In software estimating, an interesting disconnect occurs on the part of corporate memory. When a supplier provides an estimate of the work it takes to do a phase or activity, the estimate is often perceived as too high (too costly) and management will routinely cut the estimate in half or less and expect an on-time delivery. More often than not, the estimate was exactly the opposite and was overly optimistic on the part of the delivery dates. As a result, more often than not, the delivery ends up being late for several reasons: 1. the new estimate (less than the first estimate due to management gut-feel that the original estimate was high) was unrealistic; 2. The first estimate is accepted but was overly optimistic; 3. The estimate was based on an artificial delivery date set before the project was even launched (before the scope was known) and the date became immovable once it was announced; or 4. Life intervened and what was anticipated for the project was not what was planned. If no contingency for anticipated and unanticipated factors was included in the estimate, the delivery will always be late (unless less is delivered).
Does it not seem obvious that an unrealistically low estimate will predicate a late delivery? Yet, the situation repeats itself in IT reminding us of the wisdom of Einstein: Insanity is doing the same thing repeatedly expecting different results. To fix the dysfunction in IT of slashed estimates and late delivery, customer sponsors need to overcome their urge to adjust the estimates (no matter how high they may seem to be), and suppliers need to include ranges around estimate accuracy. As such, an on-time delivery becomes a realistic possibility.
When our minds react to dates – even unrealistic ones – we set up a basis for future reactions. Surprise is not a comfortable feeling – even if it is part of a positive result, and so our minds will entrench a historical reminder to prevent such reaction in the future: “the next project will also be early” or “they will never get it right and will always be late” or “they were lucky to get finished on time” are potential responses.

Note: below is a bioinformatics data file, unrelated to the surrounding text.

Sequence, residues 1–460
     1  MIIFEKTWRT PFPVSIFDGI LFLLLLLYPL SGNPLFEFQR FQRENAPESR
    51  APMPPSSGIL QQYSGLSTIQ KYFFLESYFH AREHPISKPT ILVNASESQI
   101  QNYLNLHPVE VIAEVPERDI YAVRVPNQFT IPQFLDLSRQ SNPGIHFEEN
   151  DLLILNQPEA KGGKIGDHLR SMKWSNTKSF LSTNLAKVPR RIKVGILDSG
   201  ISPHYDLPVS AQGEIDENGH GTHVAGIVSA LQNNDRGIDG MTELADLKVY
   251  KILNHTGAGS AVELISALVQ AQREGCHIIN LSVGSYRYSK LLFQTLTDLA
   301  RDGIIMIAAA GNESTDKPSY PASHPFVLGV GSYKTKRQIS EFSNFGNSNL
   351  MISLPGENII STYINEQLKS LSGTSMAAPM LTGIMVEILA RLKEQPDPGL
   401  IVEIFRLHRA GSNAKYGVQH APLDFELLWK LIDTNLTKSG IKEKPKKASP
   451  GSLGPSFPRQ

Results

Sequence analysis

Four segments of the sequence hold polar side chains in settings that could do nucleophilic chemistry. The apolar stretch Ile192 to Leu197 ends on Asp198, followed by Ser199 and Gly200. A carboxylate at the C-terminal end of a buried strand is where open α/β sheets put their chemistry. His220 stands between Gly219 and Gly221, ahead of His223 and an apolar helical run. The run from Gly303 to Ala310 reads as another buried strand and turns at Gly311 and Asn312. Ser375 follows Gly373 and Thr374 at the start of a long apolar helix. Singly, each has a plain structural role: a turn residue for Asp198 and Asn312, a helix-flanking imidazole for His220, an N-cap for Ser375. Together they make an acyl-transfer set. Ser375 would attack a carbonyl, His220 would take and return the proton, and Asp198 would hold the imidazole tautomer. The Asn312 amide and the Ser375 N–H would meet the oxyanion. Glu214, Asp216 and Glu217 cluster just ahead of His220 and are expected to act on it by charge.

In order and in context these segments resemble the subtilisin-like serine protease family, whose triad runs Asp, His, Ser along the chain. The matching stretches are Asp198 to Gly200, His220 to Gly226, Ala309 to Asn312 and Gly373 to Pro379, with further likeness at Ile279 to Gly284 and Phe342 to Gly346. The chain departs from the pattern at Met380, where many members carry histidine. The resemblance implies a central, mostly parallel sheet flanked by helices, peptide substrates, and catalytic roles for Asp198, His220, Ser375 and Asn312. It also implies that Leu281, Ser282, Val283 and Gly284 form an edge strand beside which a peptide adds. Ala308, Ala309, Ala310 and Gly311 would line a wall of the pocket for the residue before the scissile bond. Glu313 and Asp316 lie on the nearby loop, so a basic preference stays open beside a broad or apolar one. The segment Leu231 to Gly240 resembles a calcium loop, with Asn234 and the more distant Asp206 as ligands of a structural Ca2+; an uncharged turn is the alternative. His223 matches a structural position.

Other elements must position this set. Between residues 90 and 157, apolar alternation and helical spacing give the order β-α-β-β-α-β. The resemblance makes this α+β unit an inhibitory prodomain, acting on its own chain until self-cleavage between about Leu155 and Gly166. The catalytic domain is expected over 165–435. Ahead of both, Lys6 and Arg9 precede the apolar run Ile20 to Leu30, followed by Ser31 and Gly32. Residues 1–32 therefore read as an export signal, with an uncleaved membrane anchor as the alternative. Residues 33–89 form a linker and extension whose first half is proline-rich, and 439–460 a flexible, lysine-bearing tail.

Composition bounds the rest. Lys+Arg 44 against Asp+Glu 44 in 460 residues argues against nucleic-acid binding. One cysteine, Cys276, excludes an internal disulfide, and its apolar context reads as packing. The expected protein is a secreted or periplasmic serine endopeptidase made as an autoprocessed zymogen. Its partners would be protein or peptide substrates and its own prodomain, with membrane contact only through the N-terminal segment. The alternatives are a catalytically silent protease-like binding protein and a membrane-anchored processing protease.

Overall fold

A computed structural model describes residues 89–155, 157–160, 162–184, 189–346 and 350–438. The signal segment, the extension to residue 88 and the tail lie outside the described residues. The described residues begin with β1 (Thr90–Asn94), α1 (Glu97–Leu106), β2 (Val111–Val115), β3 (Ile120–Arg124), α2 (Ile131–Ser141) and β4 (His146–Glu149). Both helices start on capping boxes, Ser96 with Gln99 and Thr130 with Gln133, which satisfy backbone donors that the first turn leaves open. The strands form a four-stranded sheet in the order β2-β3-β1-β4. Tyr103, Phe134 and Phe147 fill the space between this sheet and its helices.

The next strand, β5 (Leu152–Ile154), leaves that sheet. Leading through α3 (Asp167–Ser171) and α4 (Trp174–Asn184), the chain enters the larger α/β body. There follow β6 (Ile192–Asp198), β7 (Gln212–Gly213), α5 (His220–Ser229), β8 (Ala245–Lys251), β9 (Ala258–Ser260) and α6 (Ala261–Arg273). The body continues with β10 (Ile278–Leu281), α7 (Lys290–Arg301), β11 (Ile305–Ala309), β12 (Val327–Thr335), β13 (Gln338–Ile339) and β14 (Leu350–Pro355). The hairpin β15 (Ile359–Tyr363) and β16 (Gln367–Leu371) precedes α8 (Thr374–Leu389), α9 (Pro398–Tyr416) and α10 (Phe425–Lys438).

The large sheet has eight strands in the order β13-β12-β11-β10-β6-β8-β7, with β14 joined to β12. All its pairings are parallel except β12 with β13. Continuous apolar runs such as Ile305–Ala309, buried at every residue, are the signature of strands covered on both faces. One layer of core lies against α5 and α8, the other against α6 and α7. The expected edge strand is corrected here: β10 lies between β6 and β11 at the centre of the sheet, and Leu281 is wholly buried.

An example of early, uncomfortable delivery happened to me this morning. I had to catch a 7am flight from Dallas to Washington, DC and had called last night at 10 pm to arrange an early morning shuttle pickup at my hotel. The service told me that I would be picked up between 4:35 and 4:50 am so I set my alarm accordingly. I judged that the service was going to be very accurate because: 1. It was within 5 hours of my pickup time; 2. they provided a 15 minute window (and my history with the service was that they would be late); and 3. I talked to a real person. Imagine my surprise (and displeasure) when I received an automated phone call at 4:00 am alerting me that my shuttle was within 10 minutes of arriving. Less than five minutes later, another phone call informed me that the shuttle was now waiting at the door and any delay on my part would keep others waiting. This was a mismatch with my experience (shuttles would run up to an hour late) and it interfered with my plans to be on time with their original estimate. Had the service told me that they’d be there at 4:30 am plus or minus a half-hour, I would have been better prepared, and without an explanation, I can only assume the early delivery was for their convenience in arranging the least number of trips (two others were in the van already and probably had earlier flights to catch).
Using our own life experiences prepares us to face the realities of estimating and the psychology of how others react to on time, early and late deliveries. This helps to understand why our anticipation of user delight over early delivery may not be met, and how our perception of estimates may not be shared by those with downstream involvement on our projects.
To your successful projects!